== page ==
9. Much to the chagrin of my family I have several notebooks going in various areas of the house. This doesn’t bother them as much as my stopping mid conversation to run to a notebook and jot down an idea.
    Can’t. Shut. It. Off.

  10. I have two that I use one is the notes feature of Horde email. Another is the notebook feature Google offers free. I think I heard Google might discontinue notebook sad I thought it was useful. There is always the notepad feature in MS Windows, but that is limited to the computer your are using at that time. Maybe you carry a thumb drive on your key chain and save the Windows notepad to it than it would available for any computer you were using. So instead of carrying a notebook in your back pocket you could carry one on your key chain. I wonder what Hemingway would think about that.

    @ lunaKM I like the Gmail, Google Docs idea, I already use them finished articles But I think I will keep more ideas and notes there also

  11. I tried the notebook thing, but when I’m jotting ideas down quickly my handwriting looks every bit as bad as a doctor’s. When I’m at home I’ll sometimes use OneNote or Word to keep track of ideas. When I’m away from home, I prefer to use a voice recorder. Again, channeling my inner doctor I carry a small voice recorder like docs use to dictate their notes. Actually got it when I was thinking about being a nurse for a living. Of course now, I’m trying to get out of the rat-race altogether (check out the blog), so I’m trying to find alternate purposes for my cool toys. Textbooks make great paperweights, but I haven’t found another good use for a stethoscope. Anyone?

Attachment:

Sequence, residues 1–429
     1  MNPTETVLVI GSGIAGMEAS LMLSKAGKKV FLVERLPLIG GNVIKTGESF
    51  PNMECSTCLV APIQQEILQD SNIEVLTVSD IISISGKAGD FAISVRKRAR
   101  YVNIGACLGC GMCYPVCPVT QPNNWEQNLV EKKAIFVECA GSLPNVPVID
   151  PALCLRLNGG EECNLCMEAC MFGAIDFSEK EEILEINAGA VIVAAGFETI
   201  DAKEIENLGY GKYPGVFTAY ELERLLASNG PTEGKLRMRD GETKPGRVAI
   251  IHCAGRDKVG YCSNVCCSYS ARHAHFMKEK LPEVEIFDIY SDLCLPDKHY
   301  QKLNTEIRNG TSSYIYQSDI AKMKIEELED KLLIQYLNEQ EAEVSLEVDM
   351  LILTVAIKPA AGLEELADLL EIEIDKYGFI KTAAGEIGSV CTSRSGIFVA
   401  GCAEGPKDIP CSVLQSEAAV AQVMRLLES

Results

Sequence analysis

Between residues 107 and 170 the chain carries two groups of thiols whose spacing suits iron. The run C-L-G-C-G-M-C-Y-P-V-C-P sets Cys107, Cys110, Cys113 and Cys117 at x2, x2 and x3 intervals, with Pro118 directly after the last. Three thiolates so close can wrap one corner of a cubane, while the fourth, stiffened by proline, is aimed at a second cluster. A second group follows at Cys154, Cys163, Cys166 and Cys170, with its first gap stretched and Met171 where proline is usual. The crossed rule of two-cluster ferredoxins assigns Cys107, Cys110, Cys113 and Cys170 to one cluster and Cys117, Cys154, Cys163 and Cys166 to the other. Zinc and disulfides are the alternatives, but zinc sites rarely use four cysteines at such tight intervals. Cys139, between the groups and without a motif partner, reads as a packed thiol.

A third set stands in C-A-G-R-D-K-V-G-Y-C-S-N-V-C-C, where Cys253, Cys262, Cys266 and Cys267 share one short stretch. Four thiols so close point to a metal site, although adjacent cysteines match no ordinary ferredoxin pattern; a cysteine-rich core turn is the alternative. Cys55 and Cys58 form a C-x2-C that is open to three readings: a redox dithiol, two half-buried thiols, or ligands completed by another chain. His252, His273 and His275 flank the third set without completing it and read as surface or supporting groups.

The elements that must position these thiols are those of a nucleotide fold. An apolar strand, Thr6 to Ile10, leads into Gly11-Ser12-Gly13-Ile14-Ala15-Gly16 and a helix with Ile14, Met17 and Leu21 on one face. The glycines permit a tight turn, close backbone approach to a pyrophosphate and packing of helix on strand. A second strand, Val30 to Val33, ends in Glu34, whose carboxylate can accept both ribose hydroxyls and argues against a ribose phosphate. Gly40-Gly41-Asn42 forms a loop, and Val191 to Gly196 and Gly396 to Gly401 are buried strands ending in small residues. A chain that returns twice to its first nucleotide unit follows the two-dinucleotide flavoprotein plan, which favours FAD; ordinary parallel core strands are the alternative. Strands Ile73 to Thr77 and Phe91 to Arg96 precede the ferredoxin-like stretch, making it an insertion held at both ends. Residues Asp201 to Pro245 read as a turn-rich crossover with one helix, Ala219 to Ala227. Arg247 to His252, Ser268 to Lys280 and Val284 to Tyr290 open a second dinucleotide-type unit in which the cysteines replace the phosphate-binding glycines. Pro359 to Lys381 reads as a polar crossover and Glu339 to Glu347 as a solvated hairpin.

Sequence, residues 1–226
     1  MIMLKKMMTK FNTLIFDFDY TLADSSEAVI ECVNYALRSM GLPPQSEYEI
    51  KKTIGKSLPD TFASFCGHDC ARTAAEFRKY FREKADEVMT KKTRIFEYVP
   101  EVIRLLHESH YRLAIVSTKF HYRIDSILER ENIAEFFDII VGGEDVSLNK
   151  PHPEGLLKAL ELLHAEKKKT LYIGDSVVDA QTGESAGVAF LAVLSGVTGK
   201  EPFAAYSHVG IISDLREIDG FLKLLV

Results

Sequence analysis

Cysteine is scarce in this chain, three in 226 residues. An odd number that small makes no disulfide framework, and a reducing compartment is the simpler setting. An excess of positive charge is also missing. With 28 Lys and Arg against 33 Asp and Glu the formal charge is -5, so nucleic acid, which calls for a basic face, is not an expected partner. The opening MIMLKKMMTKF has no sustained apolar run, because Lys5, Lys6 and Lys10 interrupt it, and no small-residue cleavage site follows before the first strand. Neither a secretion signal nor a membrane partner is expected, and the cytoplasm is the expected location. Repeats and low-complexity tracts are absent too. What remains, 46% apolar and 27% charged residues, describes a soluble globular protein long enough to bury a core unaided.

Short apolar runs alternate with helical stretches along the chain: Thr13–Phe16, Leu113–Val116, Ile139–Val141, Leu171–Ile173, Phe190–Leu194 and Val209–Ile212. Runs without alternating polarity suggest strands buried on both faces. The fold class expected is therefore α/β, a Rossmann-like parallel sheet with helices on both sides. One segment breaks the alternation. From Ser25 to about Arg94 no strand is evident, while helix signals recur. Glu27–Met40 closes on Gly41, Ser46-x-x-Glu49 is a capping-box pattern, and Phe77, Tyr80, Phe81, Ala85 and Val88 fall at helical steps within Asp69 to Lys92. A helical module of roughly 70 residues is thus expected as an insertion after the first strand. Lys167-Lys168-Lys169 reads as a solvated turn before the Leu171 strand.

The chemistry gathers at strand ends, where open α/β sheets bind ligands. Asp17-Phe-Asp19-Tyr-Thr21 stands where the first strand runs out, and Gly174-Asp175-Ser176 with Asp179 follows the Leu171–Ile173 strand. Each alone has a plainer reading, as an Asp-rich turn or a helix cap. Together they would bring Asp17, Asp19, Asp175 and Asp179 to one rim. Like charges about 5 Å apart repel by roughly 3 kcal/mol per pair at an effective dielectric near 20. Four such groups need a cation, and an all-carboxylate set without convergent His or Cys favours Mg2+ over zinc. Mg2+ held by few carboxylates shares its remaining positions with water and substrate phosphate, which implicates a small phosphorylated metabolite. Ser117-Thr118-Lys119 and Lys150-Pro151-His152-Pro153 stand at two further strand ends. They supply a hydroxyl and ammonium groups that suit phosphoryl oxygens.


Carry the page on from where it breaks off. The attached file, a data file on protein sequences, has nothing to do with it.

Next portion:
12. I still use pen and paper. But if carrying it would be awkward, I stick a 3×5 card or folded printer paper in my pocket. Pens are usually no trouble. To organize all my notes when I get home, I use Microsoft OneNote, which I just totally love!

    Scott Quitter
    Follow me as I escape from the 40-hour work week!
    http://acoupleofquitters.com
    @scottquitter

  13. When I have any idea come to my mind, I would like to write on paper notes, and then when I have spare time to go online, I would to post it to my blog.

  14. I don’t keep an official idea notebook, however I too use my phone when I have an idea or need a reminder. I usually jot down a tidbit of my idea, just enough so I can write it down when I get in for the day. When I am writing at my computer I have a word document I use for ideas so when something pops into my head I will just open it up and being writing freely.